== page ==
II. Background

         According to the complaint, Day purchased a new 2013 Kia Optima for approximately $25, 000.00. (Doc. ¶7). Day alleges there were multiple defective conditions relating to the vehicle's engine that impaired its “use, value[, ] and safety.” (Id. at ¶¶11, 13). Day alleges the vehicle ultimately “ignited in flames and was destroyed.” (Id. at ¶11). As a result of the alleged defective conditions and the vehicle burning, Day seeks both compensatory and punitive damages. (Id. at 7). As to the compensatory damages sought, Day alleges “actual, consequential[, ] and incidental damages, including but not limited to money expended on the purchase of the Vehicle, damages associated with the inconvenience suffered as a result of the complete failure of the vehicle to operate properly, the cost of repairs related to the defects, loss of wages . . . .” (Id. at ¶22). Day also alleges she suffered and “continues to suffer severe mental anguish and emotional distress” because she was in the zone of danger when the vehicle caught fire.” (Id. at ¶ 53). Day further alleges she was “otherwise injured and damaged.” (Id.).

         The complaint alleges claims under the Alabama Lemon Law, breach of express and implied warranty, claims under Alabama Code § 7-2-714 for accepted and non-conforming goods, claims under the MMPWA, and Alabama Extended Manufacturer's Liability Doctrine (“AEMLD”) claims for the allegedly defective design and manufacture of the vehicle. (See doc. 1-4).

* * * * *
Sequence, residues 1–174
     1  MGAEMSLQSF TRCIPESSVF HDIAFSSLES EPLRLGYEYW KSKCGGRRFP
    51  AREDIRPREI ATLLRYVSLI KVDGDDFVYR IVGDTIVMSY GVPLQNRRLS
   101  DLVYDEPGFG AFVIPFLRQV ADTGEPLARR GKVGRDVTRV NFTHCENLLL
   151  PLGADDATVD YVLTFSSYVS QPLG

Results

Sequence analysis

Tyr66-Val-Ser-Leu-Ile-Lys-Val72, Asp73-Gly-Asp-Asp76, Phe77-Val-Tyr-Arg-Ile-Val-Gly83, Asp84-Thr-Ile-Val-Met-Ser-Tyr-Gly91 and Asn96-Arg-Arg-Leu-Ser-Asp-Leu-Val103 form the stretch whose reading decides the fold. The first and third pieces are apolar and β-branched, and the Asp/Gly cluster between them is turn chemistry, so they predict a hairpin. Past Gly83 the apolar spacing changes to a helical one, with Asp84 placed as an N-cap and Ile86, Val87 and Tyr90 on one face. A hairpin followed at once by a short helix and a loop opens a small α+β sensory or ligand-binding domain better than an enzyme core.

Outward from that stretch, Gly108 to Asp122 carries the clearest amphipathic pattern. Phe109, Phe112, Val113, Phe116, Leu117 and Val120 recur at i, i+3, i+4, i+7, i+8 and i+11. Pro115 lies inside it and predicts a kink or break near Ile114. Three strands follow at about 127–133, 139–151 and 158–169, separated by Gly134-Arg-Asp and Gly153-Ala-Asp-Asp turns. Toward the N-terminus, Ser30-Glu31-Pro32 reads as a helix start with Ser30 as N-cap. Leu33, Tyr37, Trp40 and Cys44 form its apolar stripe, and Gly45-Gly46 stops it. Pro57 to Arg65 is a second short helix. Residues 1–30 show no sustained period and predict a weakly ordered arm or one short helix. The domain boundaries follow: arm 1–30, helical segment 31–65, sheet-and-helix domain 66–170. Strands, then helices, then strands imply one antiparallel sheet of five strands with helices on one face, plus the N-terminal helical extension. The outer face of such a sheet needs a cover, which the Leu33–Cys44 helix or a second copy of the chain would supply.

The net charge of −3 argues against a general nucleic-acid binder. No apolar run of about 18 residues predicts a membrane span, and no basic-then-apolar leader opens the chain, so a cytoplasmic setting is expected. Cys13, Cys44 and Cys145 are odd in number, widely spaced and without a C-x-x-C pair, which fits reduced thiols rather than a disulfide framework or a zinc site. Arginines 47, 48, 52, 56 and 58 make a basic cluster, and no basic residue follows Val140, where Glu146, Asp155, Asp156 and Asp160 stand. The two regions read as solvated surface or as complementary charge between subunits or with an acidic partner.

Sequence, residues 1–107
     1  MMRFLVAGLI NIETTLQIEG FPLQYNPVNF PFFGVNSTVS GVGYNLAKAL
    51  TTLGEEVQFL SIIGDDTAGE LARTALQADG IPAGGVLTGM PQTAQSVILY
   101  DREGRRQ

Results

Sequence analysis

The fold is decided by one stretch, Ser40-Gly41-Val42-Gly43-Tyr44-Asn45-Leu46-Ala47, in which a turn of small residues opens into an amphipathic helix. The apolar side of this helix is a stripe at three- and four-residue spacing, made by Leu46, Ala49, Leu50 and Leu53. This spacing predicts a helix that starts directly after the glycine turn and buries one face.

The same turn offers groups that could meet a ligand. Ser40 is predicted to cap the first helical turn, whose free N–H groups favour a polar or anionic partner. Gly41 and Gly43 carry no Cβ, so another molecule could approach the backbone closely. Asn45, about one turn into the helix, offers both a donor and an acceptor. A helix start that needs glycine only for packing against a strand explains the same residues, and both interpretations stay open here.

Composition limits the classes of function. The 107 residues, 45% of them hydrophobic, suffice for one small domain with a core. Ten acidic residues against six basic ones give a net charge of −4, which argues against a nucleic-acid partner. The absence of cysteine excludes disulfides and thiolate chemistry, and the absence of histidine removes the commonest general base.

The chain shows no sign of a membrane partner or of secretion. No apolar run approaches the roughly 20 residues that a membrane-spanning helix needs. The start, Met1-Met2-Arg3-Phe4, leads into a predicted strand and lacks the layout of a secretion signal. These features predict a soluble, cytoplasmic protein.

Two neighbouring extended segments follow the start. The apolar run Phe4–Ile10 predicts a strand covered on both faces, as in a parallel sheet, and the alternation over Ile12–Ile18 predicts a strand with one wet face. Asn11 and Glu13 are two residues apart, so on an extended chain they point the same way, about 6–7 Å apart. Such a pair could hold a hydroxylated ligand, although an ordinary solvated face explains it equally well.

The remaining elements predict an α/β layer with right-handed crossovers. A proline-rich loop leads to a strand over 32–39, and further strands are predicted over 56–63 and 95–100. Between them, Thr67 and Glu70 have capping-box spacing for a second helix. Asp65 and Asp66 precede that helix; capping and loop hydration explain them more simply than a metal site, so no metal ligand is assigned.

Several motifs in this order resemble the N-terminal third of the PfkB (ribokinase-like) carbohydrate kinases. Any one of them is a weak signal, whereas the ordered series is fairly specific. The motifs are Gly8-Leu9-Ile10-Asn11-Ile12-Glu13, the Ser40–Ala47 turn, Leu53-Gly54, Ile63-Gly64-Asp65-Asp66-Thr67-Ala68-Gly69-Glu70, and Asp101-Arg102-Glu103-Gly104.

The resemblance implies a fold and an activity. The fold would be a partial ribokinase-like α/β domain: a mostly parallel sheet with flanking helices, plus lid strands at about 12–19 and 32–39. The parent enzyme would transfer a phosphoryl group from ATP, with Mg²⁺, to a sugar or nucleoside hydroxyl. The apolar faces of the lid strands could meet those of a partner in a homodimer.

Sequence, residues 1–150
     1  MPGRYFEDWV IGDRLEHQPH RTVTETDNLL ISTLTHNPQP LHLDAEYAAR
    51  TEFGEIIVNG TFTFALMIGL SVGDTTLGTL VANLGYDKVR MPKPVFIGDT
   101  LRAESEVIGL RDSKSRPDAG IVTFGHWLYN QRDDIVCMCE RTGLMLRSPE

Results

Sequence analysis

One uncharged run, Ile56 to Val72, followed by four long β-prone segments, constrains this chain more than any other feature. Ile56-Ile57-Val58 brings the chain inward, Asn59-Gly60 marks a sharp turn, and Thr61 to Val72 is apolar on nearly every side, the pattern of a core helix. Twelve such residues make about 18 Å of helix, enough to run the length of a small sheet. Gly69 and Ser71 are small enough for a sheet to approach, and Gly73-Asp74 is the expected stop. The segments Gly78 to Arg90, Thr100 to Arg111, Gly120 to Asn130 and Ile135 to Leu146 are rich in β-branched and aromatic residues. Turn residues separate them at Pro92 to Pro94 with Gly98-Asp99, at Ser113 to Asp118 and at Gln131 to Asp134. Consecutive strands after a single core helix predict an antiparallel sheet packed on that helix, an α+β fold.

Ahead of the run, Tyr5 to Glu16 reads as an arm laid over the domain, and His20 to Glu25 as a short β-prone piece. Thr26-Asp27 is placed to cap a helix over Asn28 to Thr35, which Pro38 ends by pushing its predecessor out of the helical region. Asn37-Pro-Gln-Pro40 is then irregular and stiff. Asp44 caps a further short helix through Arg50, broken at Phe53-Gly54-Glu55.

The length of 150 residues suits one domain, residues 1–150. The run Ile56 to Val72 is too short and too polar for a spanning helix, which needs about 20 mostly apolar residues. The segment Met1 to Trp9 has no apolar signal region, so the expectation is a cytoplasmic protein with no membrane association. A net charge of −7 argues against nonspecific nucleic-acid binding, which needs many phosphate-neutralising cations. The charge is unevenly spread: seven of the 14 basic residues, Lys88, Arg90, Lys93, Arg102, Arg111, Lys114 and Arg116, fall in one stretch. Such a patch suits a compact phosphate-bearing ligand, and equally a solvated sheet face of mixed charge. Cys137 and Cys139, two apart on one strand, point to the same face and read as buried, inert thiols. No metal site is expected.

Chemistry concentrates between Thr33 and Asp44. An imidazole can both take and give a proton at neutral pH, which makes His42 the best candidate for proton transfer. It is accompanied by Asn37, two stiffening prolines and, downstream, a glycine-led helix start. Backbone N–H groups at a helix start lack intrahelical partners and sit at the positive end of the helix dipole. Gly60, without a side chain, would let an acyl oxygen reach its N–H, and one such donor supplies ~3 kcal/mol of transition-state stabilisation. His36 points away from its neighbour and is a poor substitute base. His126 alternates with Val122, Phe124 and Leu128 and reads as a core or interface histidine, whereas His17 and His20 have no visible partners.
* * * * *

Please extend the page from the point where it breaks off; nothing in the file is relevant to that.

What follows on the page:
Day, as well as the minor plaintiff, S.K.D., II, is an individual citizen of the State of Alabama. (Doc. 1 at ¶¶6-7). Kia is a foreign corporation, incorporated in the State of California with its principal place of business in the State of California. (Id. at ¶8).

         III. Analysis

         To establish diversity jurisdiction pursuant to 28 U.S.C. §1332, Kia must demonstrate (1) every plaintiff is diverse from every defendant, Triggs v. John Crump Toyota, Inc., 154 F.3d 1284, 1287 (11th Cir. 1998), and (2) the amount in controversy is $75, 000.00 or more. See e.g., Pretka v. Kolter City Plaza II, Inc., 608 F.3d 744, 752 (11th Cir. 2010). The parties do not dispute there is diversity of citizenship; however, Day contends Kia cannot meet its burden of establishing the amount of controversy to be at least $75, 000.00. (See doc. 5 at 3-4).